Wild food like mushrooms, berries, flowers etc are not just sometimes delicious sources of food for us, they can be the sole food sources for other wildlife. When you pick more than you will use, it means that wild food is wasted. Wildlife will often wait to eat berries until long into winter, where they become and invaluable food source (such as Hawthorns which stay fresh long into winter, a good pantry for birds). Respect the wild foods you collect and only take what you need and will use. Make sure you compost any leftovers from processing if you can.
Don’t pick a bush/ tree clean
Make sure if you're collecting something, you collect from multiple sources. Don't pick areas/ bushes/ trees clean of food. They may be a vital food source for territorial animals and an area picked clean could spell dire consequences for wildlife. Putting time into your foraging is very rewarding, head out and pick from many hedgerows.
Don't rely on plant ID apps, or facebook groups.
Plant ID apps are interesting for gardeners who would like more information on plants they plan to look at and simply would like to know the potential name of the plant out of interest...
However plant ID apps can obviously get it wrong and often do. Never ever rely on them for plants you plan to eat. I have seen a plant ID apps identify plants as edible when they are toxic, only for an expert to step in quickly and correct the mistake before consumed and injury occurring. If you want to eat what you ID (firstly you shouldn't be eating something without you knowing the specific details of the plant to correctly ID 100%, as said above) do not use plant ID apps.
Also a word of warning about facebook groups. There are some great ID groups with foraging experts in. One particular group is primarily focussed on poisonings and is even used by hospital staff. This group is rigorously regulated and only verified experts are allowed to ID specimens. However there are also some groups with lots of amateurs, who will do their best to ID something. These guesses are often wrong (we all make mistakes and it's hard to ID online) and so you should never fully trust the replies you get from people you do not know online. They may be guessing themselves. Again, invest in a guided walk with an expert to learn how to properly ID species and grow your knowledge.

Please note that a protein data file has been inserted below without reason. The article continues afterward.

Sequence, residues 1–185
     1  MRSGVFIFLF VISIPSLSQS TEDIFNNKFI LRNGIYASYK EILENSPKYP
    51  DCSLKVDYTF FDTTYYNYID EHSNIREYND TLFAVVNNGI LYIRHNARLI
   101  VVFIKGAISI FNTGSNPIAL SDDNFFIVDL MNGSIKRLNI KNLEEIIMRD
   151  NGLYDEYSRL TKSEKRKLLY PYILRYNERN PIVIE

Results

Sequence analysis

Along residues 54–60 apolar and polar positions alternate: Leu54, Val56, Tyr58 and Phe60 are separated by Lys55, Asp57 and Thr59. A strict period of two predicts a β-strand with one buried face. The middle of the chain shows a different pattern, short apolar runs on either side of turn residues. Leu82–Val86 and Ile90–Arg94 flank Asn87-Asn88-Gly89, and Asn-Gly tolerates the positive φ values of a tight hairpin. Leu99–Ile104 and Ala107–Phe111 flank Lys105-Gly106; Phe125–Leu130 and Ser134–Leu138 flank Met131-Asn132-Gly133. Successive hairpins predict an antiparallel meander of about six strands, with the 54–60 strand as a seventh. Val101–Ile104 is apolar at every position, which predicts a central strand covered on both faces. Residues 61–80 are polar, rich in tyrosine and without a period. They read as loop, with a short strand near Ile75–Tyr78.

These facebook groups can also gatekeep. Do not be put off my negative comments or making mistakes. As long as you are being ethical in how you forage, like not picking a huge quantity of something you don't know yet, you've done research beforehand and following the advice above, do not let a group gatekeep. Keep learning!
Invest in good books
These will be invaluable when learning. They have the very important details that are vital when identifying with certainty. I love Free for Free by Richard Mabey.
Only eat a little to start with.
So, you are 100% sure on what you've picked. You've learnt from an expert and checked for all the ID'ing qualities, they match, you've ethically picked something, left a lot for wildlife and finally, you have your foraged treasure. I really recommend only consuming a small amount to start with. Like with any foods, we could have an allergy that we don't know about. Consume a small amount and wait a few days. Some edible mushrooms do not effect others and cause stomach aches for some. This is completely normal and everyone reacts differently. It also makes sense to then only pick a very small amount to start with and only go back for more when you know you can eat it without side effects.
On a side note, be mindful of what you share online.
I find this really tricky. I love people being interested in wild food. However I try hard to share ethically about foraging (this is a really hard balance). Unfortunately many don't follow guidelines, causing all sort of problems. If you're sharing about foraging online please try share guidelines to help all. I often get asked what I'm picking and always make sure I tell people not to copy me until they've checked, in person with an expert).
I hope this little guide has helped you a little bit. It might sound scary or daunting, but I promise you, when you start your foraging journey properly and take your time to learn fully, it will be much more fun and engaging over time! I absolutely adore foraging and although this guide isn't "fluffy" I truly hope that it provides you with the tools you genuinely become an epic forager for the long term.
Foraging has so many benefits, good luck and many happy meals!
Photos taken by Alice & Lee Hankinson